May 9, 2016

n+1 - Uncanny Valley > 15min

Most start-up offices look the same — faux midcentury furniture, brick walls, snack bar, bar cart. Interior designers in Silicon Valley are either brand-conscious or very literal. When tech products are projected into the physical world they become aesthetics unto themselves, as if to insist on their own reality: the office belonging to a home-sharing website is decorated like rooms in its customers’ pool houses and pieds-à-terre; the foyer of a hotel-booking start-up has a concierge desk replete with bell (no concierge); the headquarters of a ride-sharing app gleams in the same colors as the app itself, down to the sleek elevator bank. A book-related start-up holds a small and sad library, the shelves half-empty, paperbacks and object-oriented-programming manuals sloping against one another. ... My guide leads me through the communal kitchen, which has the trappings of every other start-up pantry: plastic bins of trail mix and Goldfish, bowls of Popchips and miniature candy bars. There’s the requisite wholesale box of assorted Clif Bars, and in the fridge are flavored water, string cheese, and single-serving cartons of chocolate milk. It can be hard to tell whether a company is training for a marathon or eating an after-school snack. Once I walked into our kitchen and found two Account Mana­gers pounding Shot Bloks, chewy cubes of glucose marketed to endurance athletes. ... “Just add logic!” I advise cheerfully. This means nothing to me but generally resonates with engineers. It shocks me every time someone nods along. ... Around here, we nonengineers are pressed to prove our value. The hierarchy is pervasive, ingrained in the industry’s dismissal of marketing and its insistence that a good product sells itself; evident in the few “office hours” established for engineers (our scheduled opportunity to approach with questions and bugs); reflected in our salaries and equity allotment, even though it’s harder to find a good copywriter than a liberal-arts graduate with a degree in history and twelve weeks’ training from an uncredentialed coding dojo. ... Half of the conversations I overhear these days are about money, but nobody likes to get specific. It behooves everyone to stay theoretical.

The Guardian - The day we discovered our parents were Russian spies 5-15min

Not only were their parents indeed Russian spies, they were Russians. The man and woman the boys knew as Mom and Dad really were their parents, but their names were not Donald Heathfield and Tracey Foley. Those were Canadians who had died long ago, as children; their identities had been stolen and adopted by the boys’ parents. ... Their real names were Andrei Bezrukov and Elena Vavilova. They were both born in the Soviet Union, had undergone training in the KGB and been dispatched abroad as part of a Soviet programme of deep-cover secret agents, known in Russia as the “illegals”. After a slow-burning career building up an ordinary North American background, the pair were now active agents for the SVR, the foreign spy agency of modern Russia and a successor to the KGB. They, along with eight other agents, had been betrayed by a Russian spy who had defected to the Americans. ... Nearly six years since the FBI raid, I meet Alex in a cafe near the Kiev railway station in Moscow. He is now officially Alexander Vavilov; his brother is Timofei Vavilov, though many of their friends still use their old surname, Foley. ... “They showed us photos of our parents in their 20s in uniform, photos of them with medals. That was the moment when I thought, ‘OK, this is real.’ Until that moment, I’d refused to believe any of it was true,” Alex says. He and Tim were taken to an apartment and told to make themselves at home; one of their minders spent the next few days showing them around Moscow; they took them to museums, even the ballet. An uncle and a cousin the brothers had no idea existed paid a visit; a grandmother also dropped by, but she spoke no English and the boys not a word of Russian.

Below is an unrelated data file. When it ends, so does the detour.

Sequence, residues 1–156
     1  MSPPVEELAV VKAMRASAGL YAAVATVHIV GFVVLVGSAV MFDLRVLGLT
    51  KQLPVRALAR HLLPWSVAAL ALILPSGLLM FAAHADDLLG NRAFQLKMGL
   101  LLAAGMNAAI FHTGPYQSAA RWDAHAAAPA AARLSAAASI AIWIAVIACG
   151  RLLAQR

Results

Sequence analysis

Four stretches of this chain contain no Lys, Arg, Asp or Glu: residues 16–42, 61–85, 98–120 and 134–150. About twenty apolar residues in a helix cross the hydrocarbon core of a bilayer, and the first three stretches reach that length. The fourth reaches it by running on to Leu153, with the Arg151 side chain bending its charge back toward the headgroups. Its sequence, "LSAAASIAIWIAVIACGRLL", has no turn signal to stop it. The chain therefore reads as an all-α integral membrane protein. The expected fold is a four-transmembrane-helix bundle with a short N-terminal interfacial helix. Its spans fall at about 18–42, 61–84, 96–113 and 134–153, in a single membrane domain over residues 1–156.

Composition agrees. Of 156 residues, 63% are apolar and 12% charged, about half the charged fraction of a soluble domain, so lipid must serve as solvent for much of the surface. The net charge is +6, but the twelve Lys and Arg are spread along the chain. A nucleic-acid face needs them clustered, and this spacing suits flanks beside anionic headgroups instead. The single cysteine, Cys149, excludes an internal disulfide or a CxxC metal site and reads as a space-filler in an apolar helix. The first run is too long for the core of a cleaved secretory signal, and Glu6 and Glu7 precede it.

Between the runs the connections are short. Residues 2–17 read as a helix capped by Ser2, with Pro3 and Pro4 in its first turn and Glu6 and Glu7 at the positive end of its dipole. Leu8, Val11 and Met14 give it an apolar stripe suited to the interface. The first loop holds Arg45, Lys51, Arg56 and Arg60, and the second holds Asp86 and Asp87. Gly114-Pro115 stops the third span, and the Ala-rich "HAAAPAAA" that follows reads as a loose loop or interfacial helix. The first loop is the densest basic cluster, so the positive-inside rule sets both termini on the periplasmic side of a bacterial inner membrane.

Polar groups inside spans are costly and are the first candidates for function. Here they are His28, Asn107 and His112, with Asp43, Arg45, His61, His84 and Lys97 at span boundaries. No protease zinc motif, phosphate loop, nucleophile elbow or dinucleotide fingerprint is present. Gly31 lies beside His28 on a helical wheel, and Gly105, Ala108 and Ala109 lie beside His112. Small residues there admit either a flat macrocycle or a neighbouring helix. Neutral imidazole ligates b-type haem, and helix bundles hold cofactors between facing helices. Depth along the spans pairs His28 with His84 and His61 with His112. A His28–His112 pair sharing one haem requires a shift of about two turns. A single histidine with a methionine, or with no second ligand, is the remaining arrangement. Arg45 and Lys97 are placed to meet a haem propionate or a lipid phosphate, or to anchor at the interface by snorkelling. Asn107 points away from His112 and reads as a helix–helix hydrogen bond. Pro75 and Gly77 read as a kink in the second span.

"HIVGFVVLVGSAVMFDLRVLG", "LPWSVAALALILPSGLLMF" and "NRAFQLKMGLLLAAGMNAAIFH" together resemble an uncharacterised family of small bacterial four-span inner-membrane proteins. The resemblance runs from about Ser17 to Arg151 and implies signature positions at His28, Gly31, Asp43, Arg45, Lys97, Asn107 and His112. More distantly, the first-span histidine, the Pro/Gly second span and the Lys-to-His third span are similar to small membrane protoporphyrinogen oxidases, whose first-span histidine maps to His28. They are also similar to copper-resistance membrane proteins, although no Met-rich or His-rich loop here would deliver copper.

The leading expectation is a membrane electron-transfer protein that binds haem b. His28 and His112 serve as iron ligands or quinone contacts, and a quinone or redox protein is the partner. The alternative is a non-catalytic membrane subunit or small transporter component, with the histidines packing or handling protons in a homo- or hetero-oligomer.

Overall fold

The New Republic - The Cure For Fear 5-15min

The root cause of fear, and how to treat it, has been one of modern psychology’s central questions. In the early twentieth century, Sigmund Freud argued phobias were “protective structures” springing from a patient’s “repressed longing” for his mother. In 1920, however, the American psychologist John B. Watson put forward a simpler theory: People develop fears through negative experiences. To test his hypothesis, he sought to condition an infant, whom he called “Little Albert,” to fear a white rat by presenting the rat to the child and simultaneously striking a steel bar. ... Different types of memories consolidate in different parts of the brain. Explicit memories of life events, for instance, consolidate in the hippocampus, the long, podlike structures near the center of the brain. Emotional memories, including fear, consolidate nearby in the amygdala, which activates the fight-or-flight response when it senses danger. The subjective experience of fear often involves both of these memory systems—a person will consciously remember past experiences while also undergoing several automatic physiological responses, such as increased heart rate—but they operate independently of each other.